Author: Binary Design
Reviewer: Jim Douglas
Right. Here we are then. The follow-up to Zub. And Zub - as regular readers will recall - was totally fantastic and was awarded a Classic for it's sheer gameplay and general wonderfulness.
Amaurote is set in the future. It's all about a city and a bunch of insects. Having stumbled upon a new compound that acts in a similar way to concrete, the builders of the future set about building vast cityscapes made of the stuff.
Technology being what it is, there was a vital flaw in the chemical construction of the concrete-substitute. It emitted a strange form of radiation that, while virtually undetectable, caused strange things to happen to the insects...
You get hired by the city - now overrun with enormous insects - to sort out the mess.
The sub-plot of the game involves your continual battle to stay under budget. You can purchase more bombs, or repair your walker should it become damaged by alien attack. The more you spend, the closer to the budget you sail and going over-budget is severely frowned upon by your controllers.
Graphically, Amaurote is superb. Your walker, which looks a bit like a grapefruit on legs, struts about the cityscape with pleasing speed. The legs work in a similar fashion to those of a spider - all four sort of jump inwards and push outwards. As you reach the end of each screen, it will flick and move to the next. Jerky scrolling and long delays are nowhere to be seen.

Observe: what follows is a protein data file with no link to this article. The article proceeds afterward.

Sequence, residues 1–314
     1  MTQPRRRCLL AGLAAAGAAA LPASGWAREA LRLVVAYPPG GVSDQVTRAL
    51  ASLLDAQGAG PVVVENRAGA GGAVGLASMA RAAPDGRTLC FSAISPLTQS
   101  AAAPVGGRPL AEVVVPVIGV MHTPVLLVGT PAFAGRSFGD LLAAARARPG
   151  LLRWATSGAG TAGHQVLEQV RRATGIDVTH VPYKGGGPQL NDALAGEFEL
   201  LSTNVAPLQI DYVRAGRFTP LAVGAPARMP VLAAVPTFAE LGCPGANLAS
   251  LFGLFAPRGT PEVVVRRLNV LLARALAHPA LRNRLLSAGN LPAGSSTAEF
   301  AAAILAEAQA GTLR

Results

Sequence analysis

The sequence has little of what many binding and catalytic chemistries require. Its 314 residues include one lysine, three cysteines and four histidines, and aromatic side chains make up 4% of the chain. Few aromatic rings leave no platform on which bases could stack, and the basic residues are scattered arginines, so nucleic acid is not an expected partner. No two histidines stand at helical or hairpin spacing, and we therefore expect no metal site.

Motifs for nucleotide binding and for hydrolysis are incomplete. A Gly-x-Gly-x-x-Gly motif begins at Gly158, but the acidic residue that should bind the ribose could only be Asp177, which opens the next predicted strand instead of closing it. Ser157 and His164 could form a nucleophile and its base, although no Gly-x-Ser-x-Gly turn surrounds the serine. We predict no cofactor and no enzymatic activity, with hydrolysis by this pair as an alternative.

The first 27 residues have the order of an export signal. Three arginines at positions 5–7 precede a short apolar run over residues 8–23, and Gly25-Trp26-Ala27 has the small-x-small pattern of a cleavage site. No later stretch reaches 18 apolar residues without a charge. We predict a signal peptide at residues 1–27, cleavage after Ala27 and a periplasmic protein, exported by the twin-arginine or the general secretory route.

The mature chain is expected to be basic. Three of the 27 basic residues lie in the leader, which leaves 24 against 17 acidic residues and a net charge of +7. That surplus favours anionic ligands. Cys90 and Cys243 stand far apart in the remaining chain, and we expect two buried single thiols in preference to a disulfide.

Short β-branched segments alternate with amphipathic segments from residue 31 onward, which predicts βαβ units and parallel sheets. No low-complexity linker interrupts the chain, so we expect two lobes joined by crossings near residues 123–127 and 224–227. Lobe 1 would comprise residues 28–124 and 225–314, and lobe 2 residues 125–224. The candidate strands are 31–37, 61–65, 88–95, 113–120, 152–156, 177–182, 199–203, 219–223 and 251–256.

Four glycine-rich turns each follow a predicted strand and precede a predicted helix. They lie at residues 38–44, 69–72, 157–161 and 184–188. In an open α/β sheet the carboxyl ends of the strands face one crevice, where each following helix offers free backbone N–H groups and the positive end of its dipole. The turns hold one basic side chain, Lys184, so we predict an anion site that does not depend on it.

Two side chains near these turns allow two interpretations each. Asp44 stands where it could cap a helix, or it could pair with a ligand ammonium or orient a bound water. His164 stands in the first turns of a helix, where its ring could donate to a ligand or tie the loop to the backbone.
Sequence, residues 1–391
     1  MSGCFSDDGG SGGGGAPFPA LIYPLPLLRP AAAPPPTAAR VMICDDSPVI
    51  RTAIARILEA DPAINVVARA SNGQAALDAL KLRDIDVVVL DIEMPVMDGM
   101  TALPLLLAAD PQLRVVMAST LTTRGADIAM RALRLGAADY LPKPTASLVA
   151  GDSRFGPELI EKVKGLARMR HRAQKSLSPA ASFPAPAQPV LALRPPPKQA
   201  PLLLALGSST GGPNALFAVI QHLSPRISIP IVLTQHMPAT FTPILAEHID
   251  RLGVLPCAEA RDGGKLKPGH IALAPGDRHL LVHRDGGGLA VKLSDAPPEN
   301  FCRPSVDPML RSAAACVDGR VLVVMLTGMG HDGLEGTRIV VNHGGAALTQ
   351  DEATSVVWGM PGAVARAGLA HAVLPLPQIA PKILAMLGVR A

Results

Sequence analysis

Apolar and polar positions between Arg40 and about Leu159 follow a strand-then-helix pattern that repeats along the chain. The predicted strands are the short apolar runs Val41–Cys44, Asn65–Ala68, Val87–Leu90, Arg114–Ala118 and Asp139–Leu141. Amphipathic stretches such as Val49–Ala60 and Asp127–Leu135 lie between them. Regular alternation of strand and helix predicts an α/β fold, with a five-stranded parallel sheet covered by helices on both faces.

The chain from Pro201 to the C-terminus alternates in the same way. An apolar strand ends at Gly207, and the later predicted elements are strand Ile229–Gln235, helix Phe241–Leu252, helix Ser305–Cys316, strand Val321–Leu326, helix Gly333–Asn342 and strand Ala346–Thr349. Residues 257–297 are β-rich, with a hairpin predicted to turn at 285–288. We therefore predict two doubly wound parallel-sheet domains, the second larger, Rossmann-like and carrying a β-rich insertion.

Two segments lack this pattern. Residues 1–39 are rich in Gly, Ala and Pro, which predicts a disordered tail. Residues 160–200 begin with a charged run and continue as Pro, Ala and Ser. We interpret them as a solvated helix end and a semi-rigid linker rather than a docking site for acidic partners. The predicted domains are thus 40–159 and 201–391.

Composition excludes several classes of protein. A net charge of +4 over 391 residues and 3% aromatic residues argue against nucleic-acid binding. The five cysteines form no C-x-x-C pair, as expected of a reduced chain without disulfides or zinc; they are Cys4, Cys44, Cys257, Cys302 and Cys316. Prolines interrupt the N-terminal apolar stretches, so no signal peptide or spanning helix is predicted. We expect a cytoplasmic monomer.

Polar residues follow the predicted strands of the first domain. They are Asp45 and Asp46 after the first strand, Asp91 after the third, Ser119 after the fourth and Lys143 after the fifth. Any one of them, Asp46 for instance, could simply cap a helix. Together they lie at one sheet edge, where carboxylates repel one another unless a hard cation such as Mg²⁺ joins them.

By hitting Fire, a sphere-shaped bomb will pop out of the top of your grapefruit and bounce along in the direction you were last traveling. Should you be fortunate enough to destroy an insect, a graphically impressive explosion is your reward. If, however, the bomb rolls further and hits a building, you'll be in trouble. You're not being paid to knock down inner-city decay.
The landscape is in twenty-five sectors and, each is occupied by a queen bee which must be destroyed before progressing to the next sector.
Amaurote is technically superb. The graphics are superior to many £9.95 titles and it's very, very big.
The biggest problem is that you can't use a joystick. I admit, too, it didn't immediately grip me in quite the same way as Zub.
It has an appeal all of its own and I'm sure I'm being churlish in not giving it a Classic.
Still, for £1.99 you can buy it and judge for yourselves.
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